For some who experience disability, sensory toys and other equipment can be very useful. These consumables can help to reduce stress and anxiety and increase concentration and calm.
One common question we get from parents is: are these products covered by the NDIS?
In this article, we’re answering that question and more. For further information, we recommend visiting the NDIS website regarding sensory items.
What are sensory consumables?
For children who are part of the autism, ADHD, and NDIS community, sensory consumables can be very useful.
Sensory toys and equipment are designed to stimulate one or more senses. This can regulate sensory needs helping to reduce anxiety, provide distraction, and increase calm.
Whether it’s a ‘wiggle’ seat that can encourage children to sit still, a weighted blanket that provides a calming feeling, fidget toys that help increase concentration or a sensory ball that’s fun and calming to play with––many consumable items can help.
Are sensory products covered by the NDIS?
When considering whether an item or service is covered by the NDIS, it’s always essential to consider two main parameters:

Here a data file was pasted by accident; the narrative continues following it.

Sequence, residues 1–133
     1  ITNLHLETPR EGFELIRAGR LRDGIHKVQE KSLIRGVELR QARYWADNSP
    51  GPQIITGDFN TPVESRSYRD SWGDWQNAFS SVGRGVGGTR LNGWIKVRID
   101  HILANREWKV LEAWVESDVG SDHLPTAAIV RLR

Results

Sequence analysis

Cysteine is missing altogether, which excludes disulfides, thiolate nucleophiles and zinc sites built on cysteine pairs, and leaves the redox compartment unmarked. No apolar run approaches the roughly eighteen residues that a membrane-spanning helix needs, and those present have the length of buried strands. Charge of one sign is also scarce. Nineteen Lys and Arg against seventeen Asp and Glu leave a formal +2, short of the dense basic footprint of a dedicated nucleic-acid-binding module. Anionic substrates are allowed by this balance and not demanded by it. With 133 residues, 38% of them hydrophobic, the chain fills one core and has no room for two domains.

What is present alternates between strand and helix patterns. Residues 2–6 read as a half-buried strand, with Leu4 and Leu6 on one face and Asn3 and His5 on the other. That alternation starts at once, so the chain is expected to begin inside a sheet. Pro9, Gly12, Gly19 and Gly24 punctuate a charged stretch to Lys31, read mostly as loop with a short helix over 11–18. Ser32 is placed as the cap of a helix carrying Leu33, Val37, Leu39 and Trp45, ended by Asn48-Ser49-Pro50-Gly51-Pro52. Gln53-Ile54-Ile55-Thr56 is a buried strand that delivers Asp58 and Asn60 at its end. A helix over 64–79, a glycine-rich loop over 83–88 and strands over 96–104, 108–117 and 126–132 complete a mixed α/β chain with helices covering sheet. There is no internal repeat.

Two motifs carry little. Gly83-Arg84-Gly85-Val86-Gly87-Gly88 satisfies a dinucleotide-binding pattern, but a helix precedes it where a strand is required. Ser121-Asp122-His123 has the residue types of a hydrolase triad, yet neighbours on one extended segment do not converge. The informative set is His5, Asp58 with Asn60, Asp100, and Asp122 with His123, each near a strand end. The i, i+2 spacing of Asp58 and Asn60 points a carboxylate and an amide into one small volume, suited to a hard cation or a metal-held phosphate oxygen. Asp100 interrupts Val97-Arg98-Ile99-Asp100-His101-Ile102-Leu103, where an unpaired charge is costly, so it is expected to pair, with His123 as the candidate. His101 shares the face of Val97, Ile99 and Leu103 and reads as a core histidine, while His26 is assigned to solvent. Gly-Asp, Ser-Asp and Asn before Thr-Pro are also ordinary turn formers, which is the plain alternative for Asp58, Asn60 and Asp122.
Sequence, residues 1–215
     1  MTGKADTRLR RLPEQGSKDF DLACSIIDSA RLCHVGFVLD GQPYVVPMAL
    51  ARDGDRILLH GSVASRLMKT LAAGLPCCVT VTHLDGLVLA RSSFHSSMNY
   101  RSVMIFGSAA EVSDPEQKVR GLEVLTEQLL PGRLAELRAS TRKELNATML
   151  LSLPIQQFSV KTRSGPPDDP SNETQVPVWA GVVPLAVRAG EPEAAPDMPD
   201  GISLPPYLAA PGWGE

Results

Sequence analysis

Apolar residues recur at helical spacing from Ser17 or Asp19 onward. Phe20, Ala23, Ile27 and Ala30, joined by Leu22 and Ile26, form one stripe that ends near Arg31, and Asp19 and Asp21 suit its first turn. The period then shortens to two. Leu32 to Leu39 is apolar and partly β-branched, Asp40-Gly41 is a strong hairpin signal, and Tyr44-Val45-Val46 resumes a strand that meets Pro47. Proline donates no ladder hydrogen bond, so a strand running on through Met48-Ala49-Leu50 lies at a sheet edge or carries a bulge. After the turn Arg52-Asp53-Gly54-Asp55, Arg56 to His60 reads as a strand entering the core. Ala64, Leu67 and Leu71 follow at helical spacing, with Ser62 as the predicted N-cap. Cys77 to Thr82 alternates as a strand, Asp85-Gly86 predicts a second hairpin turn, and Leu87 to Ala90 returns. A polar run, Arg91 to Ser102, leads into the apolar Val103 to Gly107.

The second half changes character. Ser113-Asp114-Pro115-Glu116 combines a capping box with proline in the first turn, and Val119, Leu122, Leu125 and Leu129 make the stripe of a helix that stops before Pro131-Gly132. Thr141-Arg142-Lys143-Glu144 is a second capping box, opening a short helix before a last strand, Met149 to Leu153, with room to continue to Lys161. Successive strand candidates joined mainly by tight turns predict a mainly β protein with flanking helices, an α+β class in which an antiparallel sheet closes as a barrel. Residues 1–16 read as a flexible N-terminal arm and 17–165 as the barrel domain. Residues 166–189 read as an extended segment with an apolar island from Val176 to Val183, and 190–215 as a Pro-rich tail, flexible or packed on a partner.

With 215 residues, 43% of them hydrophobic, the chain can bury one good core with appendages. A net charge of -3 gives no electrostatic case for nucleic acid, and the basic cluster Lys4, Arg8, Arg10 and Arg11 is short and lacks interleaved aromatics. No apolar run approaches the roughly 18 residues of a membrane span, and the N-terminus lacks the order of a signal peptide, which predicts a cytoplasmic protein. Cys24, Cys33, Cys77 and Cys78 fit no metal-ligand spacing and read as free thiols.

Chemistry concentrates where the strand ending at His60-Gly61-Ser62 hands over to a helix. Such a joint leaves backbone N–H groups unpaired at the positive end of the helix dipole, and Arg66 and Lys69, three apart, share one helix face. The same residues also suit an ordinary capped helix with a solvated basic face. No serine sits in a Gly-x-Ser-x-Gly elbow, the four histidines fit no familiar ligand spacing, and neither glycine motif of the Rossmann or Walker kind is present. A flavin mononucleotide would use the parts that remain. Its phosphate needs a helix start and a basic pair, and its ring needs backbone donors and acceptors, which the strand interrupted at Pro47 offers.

- Is it ‘reasonable and necessary’?
For supports to be funded, they must be considered ‘reasonable and necessary’ by the NDIS.
- Is it related to a goal in the NDIS plan?
All supports must also relate to a goal in the participant’s plan.
Other considerations for the NDIS
When deciding whether sensory consumables will be covered, the NDIS takes a range of other considerations into account. These include:
- Whether the item is specifically related to the participant’s disability
- Whether the item is value for money compared with alternatives
- Whether the item is effective and beneficial
- Whether the item provides better support than other options more commonly available
The reality is, that many sensory items simply don’t fall under NDIS funding.
Why the NDIS could decline sensory equipment
There are many reasons why the NDIS may decide to decline funding for sensory items. Some common reasons for declining such items include:
- The sensory item falls under the category of play equipment which means it doesn’t meet the criteria.
- The item is publicly available for low costs––such as public swings, pools, or trampolines.
- The item is considered an everyday household item that shouldn’t require funding under the NDIS.
- The sensory item has been shown to cause harm––or there isn’t sufficient proof that the item is safe for children.
- There hasn’t been a trial by a therapist to ensure that the item will be both safe and effective for the child.
What items are likely to be covered?
Assuming the items fit all criteria, some commonly approved items include:
- Items related to personal care and safety
- Assistive products for activities/recreation
- Consumables relating to education and concentration
We’re here to help
Have questions about sensory consumables? Our friendly team is only too happy to help.